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PM Sunak’s failure to negotiate on strikes sabotaging UK, Labour warns

Empty tables outside a restaurant in the UK are shown as pubs and restaurants are hit with a 30% downturn in bookings as train strikes hit footfall.

The UK economy faces a “massive hit” in 2023 since prime minister Rishi Sunak has refused to negotiate with unions to put an end to widespread industrial actions across the country, shadow chancellor Rachel Reeves has said.

Reeves stressed that “the Tories’ approach is increasingly reckless in allowing these strikes to continue with no effort to resolve them.”

“Sitting on the sidelines is now just another way in which the Tories are sabotaging the UK economy,” she added.

The economic crisis across the UK has prompted various groups in the society to take industrial action, going on strike for higher wages to cover the soaring inflation, which has risen above an unprecedented level of 11 percent.

This week will see five consecutive days of shutdowns on the rail system but ministers appear to have “given up” on governing altogether and are instead seeking confrontation with the unions for political reasons, she added.

“These disputes will be resolved only by negotiating fair pay deals with compromise from all sides. The government has refused to resolve disputes, because the Tory party is so hopelessly divided on everything else that confronting trade unions is the only thing left to unite their MPs,” Reeves said.

The shadow chancellor's scathing remarks came on the heels of Sunak's New Year message, in which he was at pains to acknowledge that it had been a difficult year for the UK, warning Britons that the problems bedeviling the country won’t disappear in 2023.

Sunak laid the responsibility of the UK’s worsening economic situation on the pandemic and Ukrainian war and said: “This has had a profound economic impact around the world, which the UK is not immune to.”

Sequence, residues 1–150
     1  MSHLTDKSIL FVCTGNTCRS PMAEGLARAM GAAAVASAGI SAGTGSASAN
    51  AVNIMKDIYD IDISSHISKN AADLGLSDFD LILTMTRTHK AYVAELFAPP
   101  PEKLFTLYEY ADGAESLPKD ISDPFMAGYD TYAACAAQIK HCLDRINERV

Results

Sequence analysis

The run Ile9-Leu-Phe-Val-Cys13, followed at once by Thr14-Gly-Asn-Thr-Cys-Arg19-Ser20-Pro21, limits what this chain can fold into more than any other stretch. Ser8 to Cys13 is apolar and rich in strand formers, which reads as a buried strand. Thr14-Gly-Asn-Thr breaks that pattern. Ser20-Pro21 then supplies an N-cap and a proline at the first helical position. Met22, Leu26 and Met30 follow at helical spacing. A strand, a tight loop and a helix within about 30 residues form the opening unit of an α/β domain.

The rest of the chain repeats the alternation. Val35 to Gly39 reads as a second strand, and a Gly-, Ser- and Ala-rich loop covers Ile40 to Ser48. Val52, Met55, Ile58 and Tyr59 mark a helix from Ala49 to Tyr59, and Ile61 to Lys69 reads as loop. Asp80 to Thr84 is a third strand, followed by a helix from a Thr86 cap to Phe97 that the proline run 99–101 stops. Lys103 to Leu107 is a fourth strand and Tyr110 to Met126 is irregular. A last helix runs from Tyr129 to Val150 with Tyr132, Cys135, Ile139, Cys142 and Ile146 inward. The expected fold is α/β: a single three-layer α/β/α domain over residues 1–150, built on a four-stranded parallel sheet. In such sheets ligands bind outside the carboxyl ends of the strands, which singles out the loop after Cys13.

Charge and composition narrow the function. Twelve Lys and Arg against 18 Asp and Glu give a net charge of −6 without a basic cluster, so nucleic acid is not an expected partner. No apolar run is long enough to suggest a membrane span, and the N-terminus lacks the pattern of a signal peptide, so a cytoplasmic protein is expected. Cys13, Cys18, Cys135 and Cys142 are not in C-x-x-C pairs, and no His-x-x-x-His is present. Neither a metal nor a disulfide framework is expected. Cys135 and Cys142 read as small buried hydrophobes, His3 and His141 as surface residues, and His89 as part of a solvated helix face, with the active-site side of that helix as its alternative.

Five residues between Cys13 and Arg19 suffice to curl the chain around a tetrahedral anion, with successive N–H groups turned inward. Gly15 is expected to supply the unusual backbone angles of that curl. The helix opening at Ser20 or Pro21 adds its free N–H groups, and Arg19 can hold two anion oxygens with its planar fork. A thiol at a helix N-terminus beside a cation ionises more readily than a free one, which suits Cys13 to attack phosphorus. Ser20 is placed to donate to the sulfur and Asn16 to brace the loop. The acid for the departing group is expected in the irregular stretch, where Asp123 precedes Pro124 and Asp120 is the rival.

Meanwhile, the Labour Party, which has been out of government for more than 12 years, is well ahead in opinion polls following the chaotic year under the Conservatives' leadership. Party sources say that if and when Labour comes to power there will be a “reset” to ensure that public sector pay keeps pace with inflation and that vocational jobs such as nursing are truly valued.

Referring to Conservatives’ failure in national politics and economy, Opposition Labour Party leader, Sir Keir Starmer, said on Saturday Labour will attempt to build a “new Britain” that will fix struggling public services and “grow the economy for everyone.”

However, a Conservative spokesperson hit back at Starmer's comments saying that “the Labour party continuously fails to put forward a credible plan to tackle the issues we face. We are doing all we can to mitigate the impact but Labour should call on union bosses to be reasonable, stay around the negotiating table and call off these damaging strikes.”

Jane Gratton, head of people policy at the British Chambers of Commerce, said strikes would be a disaster for firms that rely on extra takings in the festive season to see them through January and February.

“Getting people to negotiate has to be the top priority,” she said, adding that: “Where this can’t happen, a basic level of service must be maintained to allow the wider business community to continue to operate.”

Business leaders are also concerned about huge additional damage to the economy if strikes continue, warning that businesses are being hammered.

“Businesses across the UK, and especially those in the capital, are being hammered by these bouts of strikes. Many of the hardest hits are small firms which employ the majority of people across the country,” said Richard Burge, chief executive of the London Chamber of Commerce and Industry.

From nurses to teachers, and to railway employees, British workers in various sectors have been staging back-to-back walkouts in the last few months, as the cost-of-living crisis is simmering across the country.

As a result of these strikes, the British people are facing postponed hospital appointments, canceled trains, and travel delays during the winter holiday season.

Ministers have said they have accepted the recommendations of the NHS pay review body, but there was not a “bottomless pit” of money to meet union demands.

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